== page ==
Body After Baby

I recently had a baby. Everyone who knows that and even strangers who see me with my baby consistently comment that I don’t look like I’ve had a baby. It’s true. Within two weeks, I was back to my pre-pregnancy weight and legitimately did not look like I had a baby. I will tell you my not so secret secrets. First, I need to tell you that I’m not blessed with good genes. Well, I’m blessed with many good genes, but not when it comes to weight management. Every woman in my family struggles with their weight to some extent. When it came to my pregnancy and these post-partum weeks, this is what worked for me…..

  1. I did not use pregnancy as an excuse to go off the rails. We are such a diet happy society and I choose not to live by food rules. By using the principles of Intuitive Eating before, during and after pregnancy, there is no need to do this because everything is in moderation. You can have your chocolate, but because you know you can have chocolate any time you wish, you don’t feel compelled to eat the entire bag. Nothing is ever off limits for me, so “forbidden foods” don’t hold any power. Paying attention to hunger and fullness signals as well as listening to what your body needs (not what your head wants) helps keep this all on balance.
  2. I continued regular physical activity. I get it. Pregnancy is uncomfortable physically and there were times that exercise was the last thing I wanted to do, but it is exactly what I need to feel better. Physical activity is a well-documented strategy to help with all sorts of physical discomfort. As a side benefit, it also helps improve sleep….something all pregnant women can use. Of course, I could no longer take my bike out for a spin, so I rode it on my trainer in the basement until I was about eight and a half months pregnant and my ligaments relaxed too much to be comfortable. I continued to lift weights (listening to my body and adjusting the weight and intensity). I walked my dog for at least 30 minutes per day. Movement is crucial to alleviate stress and it helps prevent fluid retention. I didn’t have any swelling in my hands or feet and I am convinced it is because I drank plenty of water and moved frequently throughout the day. I also went back to walking my dog right after delivery and resumed strength training about a week and a half after my son’s birth. Of course, we need to listen to our bodies, so I don’t exercise as hard or as long as I once did.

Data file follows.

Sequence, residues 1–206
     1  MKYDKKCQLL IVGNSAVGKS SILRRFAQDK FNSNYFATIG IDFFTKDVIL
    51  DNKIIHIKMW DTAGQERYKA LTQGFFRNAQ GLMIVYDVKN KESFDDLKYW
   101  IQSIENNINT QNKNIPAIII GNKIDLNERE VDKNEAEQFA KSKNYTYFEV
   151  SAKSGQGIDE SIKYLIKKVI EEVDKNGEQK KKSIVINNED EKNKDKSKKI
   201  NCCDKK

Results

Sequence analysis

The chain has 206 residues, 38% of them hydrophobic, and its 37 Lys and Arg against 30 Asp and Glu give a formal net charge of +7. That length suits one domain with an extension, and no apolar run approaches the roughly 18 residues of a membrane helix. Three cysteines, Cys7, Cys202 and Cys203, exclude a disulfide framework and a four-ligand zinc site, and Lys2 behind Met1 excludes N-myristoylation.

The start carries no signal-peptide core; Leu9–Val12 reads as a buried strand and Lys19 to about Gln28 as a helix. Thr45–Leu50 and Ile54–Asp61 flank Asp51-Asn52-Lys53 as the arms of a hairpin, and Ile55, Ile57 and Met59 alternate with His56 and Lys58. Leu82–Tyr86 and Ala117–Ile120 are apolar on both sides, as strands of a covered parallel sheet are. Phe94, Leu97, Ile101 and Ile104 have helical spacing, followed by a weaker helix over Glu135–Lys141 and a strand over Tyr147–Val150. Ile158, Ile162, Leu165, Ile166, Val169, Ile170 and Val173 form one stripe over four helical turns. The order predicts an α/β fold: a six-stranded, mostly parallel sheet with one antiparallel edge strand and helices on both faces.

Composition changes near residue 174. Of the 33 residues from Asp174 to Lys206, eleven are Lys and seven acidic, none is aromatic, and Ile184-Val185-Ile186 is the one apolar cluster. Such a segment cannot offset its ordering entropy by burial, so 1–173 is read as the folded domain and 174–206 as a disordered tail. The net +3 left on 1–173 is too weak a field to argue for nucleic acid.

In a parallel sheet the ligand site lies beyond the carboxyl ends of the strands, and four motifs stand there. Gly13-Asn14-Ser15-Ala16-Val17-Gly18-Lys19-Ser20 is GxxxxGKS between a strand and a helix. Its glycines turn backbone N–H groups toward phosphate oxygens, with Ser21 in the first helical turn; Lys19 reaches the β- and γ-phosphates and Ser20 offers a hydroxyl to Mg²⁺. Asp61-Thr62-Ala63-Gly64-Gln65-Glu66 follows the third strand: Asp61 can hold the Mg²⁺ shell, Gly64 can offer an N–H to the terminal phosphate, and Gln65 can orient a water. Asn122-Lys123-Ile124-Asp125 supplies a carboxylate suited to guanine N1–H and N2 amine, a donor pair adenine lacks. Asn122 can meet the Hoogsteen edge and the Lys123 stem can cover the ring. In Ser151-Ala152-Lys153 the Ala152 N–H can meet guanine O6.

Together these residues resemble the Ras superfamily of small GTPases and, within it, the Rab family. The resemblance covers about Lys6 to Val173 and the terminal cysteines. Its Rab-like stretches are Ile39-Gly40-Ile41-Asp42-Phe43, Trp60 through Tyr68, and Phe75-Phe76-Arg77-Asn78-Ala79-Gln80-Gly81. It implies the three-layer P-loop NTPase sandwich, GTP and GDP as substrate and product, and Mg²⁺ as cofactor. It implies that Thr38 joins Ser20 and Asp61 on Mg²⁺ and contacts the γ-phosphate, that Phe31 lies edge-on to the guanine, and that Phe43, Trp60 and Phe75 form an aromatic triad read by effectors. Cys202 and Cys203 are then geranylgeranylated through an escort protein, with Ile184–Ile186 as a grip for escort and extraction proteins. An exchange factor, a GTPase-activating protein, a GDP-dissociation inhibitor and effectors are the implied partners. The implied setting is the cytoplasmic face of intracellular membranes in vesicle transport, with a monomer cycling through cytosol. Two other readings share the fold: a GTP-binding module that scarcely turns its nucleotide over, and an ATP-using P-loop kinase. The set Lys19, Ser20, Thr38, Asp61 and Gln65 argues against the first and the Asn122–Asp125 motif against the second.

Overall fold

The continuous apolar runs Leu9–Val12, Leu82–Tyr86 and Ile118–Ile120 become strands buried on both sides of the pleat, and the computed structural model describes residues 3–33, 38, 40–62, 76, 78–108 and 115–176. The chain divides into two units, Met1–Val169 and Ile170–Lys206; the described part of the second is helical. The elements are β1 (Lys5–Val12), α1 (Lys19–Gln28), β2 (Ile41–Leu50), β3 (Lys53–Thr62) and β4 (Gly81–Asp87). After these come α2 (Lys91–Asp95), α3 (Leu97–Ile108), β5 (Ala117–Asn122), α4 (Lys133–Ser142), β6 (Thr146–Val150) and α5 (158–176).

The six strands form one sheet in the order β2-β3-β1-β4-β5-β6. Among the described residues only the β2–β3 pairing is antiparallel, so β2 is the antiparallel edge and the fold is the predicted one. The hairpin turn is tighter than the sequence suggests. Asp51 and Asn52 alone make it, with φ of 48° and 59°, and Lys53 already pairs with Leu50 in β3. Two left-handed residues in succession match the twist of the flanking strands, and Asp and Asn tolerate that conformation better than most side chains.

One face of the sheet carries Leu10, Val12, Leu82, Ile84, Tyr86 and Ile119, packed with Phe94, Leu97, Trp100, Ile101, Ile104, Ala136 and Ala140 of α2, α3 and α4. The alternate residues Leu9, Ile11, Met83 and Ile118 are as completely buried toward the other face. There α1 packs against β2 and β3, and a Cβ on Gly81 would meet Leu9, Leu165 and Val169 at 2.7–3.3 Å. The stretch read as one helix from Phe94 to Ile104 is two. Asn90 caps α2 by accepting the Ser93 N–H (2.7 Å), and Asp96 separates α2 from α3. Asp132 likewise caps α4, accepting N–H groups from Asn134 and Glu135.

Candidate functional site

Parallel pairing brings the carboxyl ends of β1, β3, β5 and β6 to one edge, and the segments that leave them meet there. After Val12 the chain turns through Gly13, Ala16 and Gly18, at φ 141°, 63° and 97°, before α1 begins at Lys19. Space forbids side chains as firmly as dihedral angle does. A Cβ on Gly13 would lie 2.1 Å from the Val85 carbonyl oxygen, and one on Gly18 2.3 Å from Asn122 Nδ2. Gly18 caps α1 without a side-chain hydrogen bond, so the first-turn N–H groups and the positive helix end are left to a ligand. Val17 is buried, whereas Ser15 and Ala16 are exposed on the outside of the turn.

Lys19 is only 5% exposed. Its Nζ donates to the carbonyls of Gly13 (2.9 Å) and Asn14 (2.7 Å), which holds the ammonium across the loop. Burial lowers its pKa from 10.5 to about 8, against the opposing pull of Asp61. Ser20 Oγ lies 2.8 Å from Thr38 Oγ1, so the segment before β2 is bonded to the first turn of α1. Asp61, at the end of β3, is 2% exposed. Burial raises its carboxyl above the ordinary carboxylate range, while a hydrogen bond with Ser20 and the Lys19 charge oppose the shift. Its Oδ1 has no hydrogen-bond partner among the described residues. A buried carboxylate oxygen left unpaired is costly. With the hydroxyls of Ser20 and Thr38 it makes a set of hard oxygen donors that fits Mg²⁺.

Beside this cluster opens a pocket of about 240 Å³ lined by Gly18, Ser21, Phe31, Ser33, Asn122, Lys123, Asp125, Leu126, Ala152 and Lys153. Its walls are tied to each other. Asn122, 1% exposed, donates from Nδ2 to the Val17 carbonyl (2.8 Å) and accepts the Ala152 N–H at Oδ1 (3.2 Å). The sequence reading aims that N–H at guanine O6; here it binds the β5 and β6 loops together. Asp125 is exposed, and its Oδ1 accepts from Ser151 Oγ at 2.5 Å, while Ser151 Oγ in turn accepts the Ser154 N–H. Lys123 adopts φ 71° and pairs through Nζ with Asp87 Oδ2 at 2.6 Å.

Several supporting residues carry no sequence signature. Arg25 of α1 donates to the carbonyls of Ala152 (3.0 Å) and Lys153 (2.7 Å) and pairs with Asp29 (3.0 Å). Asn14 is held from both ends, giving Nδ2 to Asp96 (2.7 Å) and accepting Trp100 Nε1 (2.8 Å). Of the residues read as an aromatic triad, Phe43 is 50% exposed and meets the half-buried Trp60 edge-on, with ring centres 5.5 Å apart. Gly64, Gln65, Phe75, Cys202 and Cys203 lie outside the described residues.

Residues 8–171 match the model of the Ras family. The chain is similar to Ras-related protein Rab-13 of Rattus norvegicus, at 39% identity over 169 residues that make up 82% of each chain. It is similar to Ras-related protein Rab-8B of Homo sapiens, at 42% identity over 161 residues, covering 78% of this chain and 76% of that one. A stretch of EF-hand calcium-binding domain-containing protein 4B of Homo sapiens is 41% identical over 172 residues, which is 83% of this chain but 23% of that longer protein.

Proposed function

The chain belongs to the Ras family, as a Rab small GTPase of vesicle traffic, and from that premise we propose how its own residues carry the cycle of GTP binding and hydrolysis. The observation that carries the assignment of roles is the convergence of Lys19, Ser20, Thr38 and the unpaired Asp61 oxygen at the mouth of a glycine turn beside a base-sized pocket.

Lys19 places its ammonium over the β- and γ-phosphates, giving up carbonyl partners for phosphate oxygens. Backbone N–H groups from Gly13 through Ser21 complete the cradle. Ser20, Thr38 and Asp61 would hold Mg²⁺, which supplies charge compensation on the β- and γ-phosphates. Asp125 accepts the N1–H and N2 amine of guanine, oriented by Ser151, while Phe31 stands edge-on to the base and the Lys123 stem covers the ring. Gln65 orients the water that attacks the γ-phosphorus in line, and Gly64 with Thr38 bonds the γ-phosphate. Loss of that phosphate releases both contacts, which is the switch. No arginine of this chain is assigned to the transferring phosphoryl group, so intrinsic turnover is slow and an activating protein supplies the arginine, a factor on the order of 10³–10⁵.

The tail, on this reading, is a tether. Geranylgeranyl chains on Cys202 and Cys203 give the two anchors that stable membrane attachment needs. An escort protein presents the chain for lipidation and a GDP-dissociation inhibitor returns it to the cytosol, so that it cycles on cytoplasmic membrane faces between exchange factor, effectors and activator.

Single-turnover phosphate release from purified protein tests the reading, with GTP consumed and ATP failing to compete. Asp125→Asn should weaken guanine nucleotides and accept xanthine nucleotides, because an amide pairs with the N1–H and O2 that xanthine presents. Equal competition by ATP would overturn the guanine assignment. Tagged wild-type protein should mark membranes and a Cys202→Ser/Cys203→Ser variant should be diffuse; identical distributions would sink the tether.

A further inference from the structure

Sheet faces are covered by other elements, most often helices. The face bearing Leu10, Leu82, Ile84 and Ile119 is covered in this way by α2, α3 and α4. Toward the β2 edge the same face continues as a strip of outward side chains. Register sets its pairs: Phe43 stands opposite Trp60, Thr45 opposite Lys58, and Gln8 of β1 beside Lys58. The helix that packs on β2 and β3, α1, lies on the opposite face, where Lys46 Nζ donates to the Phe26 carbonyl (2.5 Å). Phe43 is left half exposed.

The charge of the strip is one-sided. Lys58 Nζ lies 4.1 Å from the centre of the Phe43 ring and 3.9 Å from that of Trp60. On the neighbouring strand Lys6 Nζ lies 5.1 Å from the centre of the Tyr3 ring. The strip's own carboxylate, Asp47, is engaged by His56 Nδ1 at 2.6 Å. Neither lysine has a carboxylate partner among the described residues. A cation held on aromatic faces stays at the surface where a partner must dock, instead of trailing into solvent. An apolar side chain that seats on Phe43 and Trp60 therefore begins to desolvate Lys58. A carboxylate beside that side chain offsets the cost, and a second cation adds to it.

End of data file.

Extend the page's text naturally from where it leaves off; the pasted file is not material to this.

3. I didn’t opt for convenience foods. When we are worn out, the drive through and packaged foods look pretty tempting, but there are so many chemicals in our food today. I struggled with infertility for over 4 years before I became pregnant, so my husband and I read every label and researched foods before I ate them. It was pretty militant and super frustrating at times, but at 35 and with a history of infertility, I wasn’t taking any chances with my baby’s development. As a result, even though I was a pretty balanced eater before pregnancy, we ate at home even more than normal and I opted for whole foods as much as possible. I really paid attention to my baby’s nutritional needs every day. After he was born, I relaxed, but I still opt for whole foods and I make sure I get at least 5 servings of fruits and vegetables every day, as well as plenty of calcium.